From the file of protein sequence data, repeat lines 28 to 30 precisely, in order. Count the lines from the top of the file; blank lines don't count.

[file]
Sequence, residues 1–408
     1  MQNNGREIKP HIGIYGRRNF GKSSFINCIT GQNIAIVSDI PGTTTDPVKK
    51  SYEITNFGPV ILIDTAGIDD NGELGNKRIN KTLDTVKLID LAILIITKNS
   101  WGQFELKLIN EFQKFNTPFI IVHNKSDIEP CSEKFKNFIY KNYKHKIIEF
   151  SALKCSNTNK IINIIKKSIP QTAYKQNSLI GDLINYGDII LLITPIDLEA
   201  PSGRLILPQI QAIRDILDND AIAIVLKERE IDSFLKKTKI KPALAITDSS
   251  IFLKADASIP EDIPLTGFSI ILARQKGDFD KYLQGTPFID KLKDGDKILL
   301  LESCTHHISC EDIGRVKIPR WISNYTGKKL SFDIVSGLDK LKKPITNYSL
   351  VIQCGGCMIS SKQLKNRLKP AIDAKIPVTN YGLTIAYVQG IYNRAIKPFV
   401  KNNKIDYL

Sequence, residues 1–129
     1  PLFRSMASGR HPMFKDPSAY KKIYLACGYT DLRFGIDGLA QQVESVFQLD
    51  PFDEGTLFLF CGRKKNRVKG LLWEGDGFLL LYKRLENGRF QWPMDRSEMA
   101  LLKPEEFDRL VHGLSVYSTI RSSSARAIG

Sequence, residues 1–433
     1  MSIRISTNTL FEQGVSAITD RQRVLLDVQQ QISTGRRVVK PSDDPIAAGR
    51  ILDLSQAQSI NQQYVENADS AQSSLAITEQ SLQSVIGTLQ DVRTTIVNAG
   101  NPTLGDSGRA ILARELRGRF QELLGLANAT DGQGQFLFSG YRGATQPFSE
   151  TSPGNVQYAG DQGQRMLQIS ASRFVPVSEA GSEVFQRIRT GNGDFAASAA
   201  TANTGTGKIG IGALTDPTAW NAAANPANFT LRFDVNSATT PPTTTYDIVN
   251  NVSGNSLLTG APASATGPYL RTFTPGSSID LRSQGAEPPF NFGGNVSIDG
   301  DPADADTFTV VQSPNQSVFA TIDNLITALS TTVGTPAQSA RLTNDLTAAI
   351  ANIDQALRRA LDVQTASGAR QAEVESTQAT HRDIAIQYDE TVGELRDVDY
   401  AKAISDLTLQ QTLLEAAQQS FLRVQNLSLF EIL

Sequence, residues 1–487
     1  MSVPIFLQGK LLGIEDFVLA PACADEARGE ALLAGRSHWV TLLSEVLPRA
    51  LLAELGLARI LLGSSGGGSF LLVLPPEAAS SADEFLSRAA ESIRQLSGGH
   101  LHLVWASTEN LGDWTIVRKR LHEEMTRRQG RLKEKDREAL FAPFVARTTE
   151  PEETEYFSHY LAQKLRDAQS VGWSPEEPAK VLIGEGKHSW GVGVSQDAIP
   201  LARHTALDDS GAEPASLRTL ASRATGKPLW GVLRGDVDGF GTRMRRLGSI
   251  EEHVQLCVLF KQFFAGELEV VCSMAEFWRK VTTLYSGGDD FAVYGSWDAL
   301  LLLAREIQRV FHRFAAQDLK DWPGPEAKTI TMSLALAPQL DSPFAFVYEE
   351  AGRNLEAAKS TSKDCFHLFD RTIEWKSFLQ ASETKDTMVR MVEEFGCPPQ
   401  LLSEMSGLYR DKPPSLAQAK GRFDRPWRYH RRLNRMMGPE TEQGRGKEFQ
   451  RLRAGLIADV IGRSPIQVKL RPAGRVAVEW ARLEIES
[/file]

   101  LHLVWASTEN LGDWTIVRKR LHEEMTRRQG RLKEKDREAL FAPFVARTTE
   151  PEETEYFSHY LAQKLRDAQS VGWSPEEPAK VLIGEGKHSW GVGVSQDAIP
   201  LARHTALDDS GAEPASLRTL ASRATGKPLW GVLRGDVDGF GTRMRRLGSI